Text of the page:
Album Review: Karl Bartos


Karl Bartos -‘Off The Record’ (Bureau B)

Karl Bartos was one quarter of what is regarded as the classic line-up of Kraftwerk between 1975-1990. Whilst his former bandmates are touring the classic albums (and bringing the Tate’s box office into meltdown), he has given the world a new album.

Does it sound like Kraftwerk? Well, yes it does, and to be honest, I think most people would be disappointed if it didn’t. And when the sound that he helped create laid the blueprint for so much of what happened (let’s see: house, hip-hop and electro, post-punk, techno…this could be a whole PhD thesis, and in fact it probably is), then why not?

The reason for the name of the album is that during Kraftwerk’s heyday he kept what the press release describes as a ‘secret acoustic diary.’ This consisted of melodies, chord, sounds and the like which has produced these twelve new songs.

Given that this could have end up with an album that felt like half-baked doodles from the cutting room floor (and these are frequently served up to the world as ‘mixtapes’ now), it’s all the more impressive that this holds together as a coherent album. Whilst I personally could pass on ‘Vox Humana’ , there’s s much on offer here – opening track ‘Atomium’, ‘ International Velvet’ and ‘Without A Trace Of Emotion’ that feel like glorious POP songs.

This could have felt like a difficult album, so kudos is due once again to Herr Bartos for producing such a strong, listenable and enjoyable record.


Off The Record is released on Bureau B on March 18.


33 1/3 Part 16


Kraftwerk – ‘The Man Machine’ (EMI, 1978)

In the grand scheme of things, this may not be the most important Kraftwerk record ever released; and both Autobahn and Trans Europe Express have much to recommend them. But it’s my favourite, and that’s why I’ve picked this album by my favourite german band ever, and one of the most influential acts EVER.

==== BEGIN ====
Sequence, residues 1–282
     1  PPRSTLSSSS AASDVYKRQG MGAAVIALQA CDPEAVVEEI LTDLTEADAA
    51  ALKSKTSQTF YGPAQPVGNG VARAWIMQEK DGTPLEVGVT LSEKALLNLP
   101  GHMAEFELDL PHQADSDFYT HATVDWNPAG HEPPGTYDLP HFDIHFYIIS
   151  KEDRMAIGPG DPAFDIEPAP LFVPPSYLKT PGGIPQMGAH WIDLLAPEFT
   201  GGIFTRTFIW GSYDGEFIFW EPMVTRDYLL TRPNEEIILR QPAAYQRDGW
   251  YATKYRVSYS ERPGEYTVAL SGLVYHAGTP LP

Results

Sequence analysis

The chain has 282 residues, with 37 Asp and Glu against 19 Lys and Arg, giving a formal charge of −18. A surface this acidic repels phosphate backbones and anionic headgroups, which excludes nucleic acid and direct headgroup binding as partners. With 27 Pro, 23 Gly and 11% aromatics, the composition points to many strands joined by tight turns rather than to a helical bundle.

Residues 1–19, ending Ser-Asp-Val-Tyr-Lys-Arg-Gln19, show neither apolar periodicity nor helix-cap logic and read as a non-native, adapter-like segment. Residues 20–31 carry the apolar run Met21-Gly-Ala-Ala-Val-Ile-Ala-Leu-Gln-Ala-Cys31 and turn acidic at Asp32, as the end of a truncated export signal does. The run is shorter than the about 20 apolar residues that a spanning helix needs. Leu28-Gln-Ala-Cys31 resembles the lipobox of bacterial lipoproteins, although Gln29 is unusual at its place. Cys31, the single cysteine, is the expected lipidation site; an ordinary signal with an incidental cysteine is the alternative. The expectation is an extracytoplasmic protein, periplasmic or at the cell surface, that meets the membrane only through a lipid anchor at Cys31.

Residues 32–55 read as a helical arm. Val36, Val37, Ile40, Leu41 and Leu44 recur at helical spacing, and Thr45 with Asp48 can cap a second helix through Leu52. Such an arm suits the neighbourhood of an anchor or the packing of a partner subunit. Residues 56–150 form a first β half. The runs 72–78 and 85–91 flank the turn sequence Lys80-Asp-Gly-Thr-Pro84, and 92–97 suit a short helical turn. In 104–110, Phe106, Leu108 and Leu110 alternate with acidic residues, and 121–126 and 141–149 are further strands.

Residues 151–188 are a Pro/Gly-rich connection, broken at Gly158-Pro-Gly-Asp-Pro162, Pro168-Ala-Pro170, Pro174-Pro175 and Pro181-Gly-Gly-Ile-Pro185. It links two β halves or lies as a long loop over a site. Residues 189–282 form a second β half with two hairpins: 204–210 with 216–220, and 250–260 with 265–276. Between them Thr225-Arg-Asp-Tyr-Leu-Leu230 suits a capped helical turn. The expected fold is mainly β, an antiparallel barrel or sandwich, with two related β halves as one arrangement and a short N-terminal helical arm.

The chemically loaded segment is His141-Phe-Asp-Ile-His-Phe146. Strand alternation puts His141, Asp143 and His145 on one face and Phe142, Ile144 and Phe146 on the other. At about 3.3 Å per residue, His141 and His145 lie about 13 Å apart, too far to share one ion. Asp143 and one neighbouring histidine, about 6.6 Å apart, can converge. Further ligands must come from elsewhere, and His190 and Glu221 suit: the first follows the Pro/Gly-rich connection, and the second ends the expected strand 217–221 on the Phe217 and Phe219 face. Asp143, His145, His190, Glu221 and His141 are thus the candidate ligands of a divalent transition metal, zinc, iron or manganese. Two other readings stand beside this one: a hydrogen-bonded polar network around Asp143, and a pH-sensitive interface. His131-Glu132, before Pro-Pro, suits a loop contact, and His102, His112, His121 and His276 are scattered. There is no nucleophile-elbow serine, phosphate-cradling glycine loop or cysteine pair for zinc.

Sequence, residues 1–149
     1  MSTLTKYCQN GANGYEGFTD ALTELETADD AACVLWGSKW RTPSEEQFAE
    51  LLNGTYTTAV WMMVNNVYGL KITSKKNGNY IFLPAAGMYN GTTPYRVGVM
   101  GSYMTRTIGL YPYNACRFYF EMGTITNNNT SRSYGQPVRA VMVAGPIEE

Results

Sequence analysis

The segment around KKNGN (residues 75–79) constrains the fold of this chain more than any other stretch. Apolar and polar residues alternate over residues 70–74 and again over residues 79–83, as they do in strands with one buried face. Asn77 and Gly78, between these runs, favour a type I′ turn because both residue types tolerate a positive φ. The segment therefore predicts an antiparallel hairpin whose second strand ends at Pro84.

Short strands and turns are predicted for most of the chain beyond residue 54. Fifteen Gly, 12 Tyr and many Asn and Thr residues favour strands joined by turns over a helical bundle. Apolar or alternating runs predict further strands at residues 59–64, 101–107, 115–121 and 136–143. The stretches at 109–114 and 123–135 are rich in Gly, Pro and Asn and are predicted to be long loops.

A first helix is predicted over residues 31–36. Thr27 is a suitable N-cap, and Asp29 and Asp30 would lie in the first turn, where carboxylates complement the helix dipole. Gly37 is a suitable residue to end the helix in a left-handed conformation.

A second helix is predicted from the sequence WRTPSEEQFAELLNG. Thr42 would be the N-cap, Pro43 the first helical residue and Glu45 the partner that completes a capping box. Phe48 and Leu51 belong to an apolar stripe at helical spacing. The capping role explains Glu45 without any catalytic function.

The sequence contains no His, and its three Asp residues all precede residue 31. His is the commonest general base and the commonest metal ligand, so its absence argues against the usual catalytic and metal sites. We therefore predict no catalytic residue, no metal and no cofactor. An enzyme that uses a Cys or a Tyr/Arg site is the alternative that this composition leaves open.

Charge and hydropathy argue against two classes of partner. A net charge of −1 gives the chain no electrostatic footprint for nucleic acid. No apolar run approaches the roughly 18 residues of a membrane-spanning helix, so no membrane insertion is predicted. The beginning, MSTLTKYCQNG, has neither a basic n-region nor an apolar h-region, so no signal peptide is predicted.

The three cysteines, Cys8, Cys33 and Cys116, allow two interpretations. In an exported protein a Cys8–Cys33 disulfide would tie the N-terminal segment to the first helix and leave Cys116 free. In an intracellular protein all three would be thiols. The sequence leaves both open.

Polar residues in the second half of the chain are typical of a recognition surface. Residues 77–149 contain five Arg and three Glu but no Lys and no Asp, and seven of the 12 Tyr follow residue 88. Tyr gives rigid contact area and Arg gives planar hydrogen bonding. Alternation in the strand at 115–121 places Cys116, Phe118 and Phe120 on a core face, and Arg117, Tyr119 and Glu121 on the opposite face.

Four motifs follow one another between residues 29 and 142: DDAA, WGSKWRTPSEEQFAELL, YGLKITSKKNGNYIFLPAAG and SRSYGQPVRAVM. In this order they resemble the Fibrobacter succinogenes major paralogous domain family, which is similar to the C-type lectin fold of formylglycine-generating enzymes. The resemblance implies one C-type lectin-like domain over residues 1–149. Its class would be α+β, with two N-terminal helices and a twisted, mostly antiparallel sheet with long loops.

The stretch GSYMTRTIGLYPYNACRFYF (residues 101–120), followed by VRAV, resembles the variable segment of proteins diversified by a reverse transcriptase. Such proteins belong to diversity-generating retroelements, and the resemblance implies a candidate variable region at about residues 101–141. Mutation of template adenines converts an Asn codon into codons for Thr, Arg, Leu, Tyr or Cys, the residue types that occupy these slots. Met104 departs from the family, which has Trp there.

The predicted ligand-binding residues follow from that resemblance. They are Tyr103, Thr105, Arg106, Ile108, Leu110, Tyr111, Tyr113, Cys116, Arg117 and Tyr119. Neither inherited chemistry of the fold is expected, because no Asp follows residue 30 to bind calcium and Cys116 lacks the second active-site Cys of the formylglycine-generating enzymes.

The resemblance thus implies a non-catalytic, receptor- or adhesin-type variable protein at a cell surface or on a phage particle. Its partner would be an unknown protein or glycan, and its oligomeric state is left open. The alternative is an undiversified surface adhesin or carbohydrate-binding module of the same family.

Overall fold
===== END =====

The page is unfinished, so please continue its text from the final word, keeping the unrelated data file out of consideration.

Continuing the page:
I first heard this album in about the second year of university, when I borrowed the tape off someone, which they never got back (Mark, you still owe me £35, but as my intro to Kraftwerk I guess we’re fair and square). The tape has died, after much play; replaced on CD which was then passed onto my brother when I found a vinyl copy. So on a personal level, it’s an album I feel essential to own and listen to regularly.

It works on so many different levels: yes, it’s groundbreaking music full stop, and it’s hard to imagine much of what would happen over the next thirty years without it. Not an electric guitar in sight (well, hearing). And for once, instead of Europeans plundering the music of African-Americans and then selling it back to White Americans, this was genuinely original music, and folks everywhere were sitting up and listening. It’s dated phenomenally well, even if you don’t have a snazzy remaster.

It’s also a fantastic album to listen to whilst travelling. I can definitely trace a growing interest in so-called Krautrock (am i the only person who finds that term slightly uncomfortable?) to hearing this album – Can, Faust, Neu! Harmonia etc.. My suggestions that we spent a holiday driving up and down German motorways listen to German bands have not been well received. Never mind…The influences on bands as diverse as Joy Division and Air can be found here, not to mention pretty much everything that’s come under the heading of dance and electronica – techno, electro, trance to say nothing of Hip-Hop …hell, Kraftwerk were ahead of punk and disco, no-wave: you name it.

Oh, and it’s a fantastic bloody pop album. ‘The Model’ is a great tune full stop, as covered with wildly different arrangements by Big Black (noise rock) and Canasta (twee pop).

Kraftwerk -‘Spacelab.’ mp3

How different would music have turned out without this track?

Kraftwerk -‘Trans Europe Express.’

I know this might be heresy, but I’m starting to wonder if Kraftwerk might actually have been more important than the Sex Pistols…Don’t get me wrong, the Pistols changed a hell of a lot in the music industry, but to listen to Kraftwerk is like seeing a prediction for the next thirty years of music. Without this song…imagine how post-punk, hiphop, pretty much anything from the dance scene from Aphex Twin to trance would have turned out so differently. Like an omelette without eggs…

Perhaps Public Image Ltd. were ultimately more important than the Sex Pistols? Discuss. I don’t know how much of an influence Kraftwerk had on PIL, but I think they must have seeped through in some way.

P.I.L. -‘Death Disco.’

BTW…(final thought before stumbling off to bed)…is this 80s cheese or a seminal track?

Ultravox -‘Vienna.’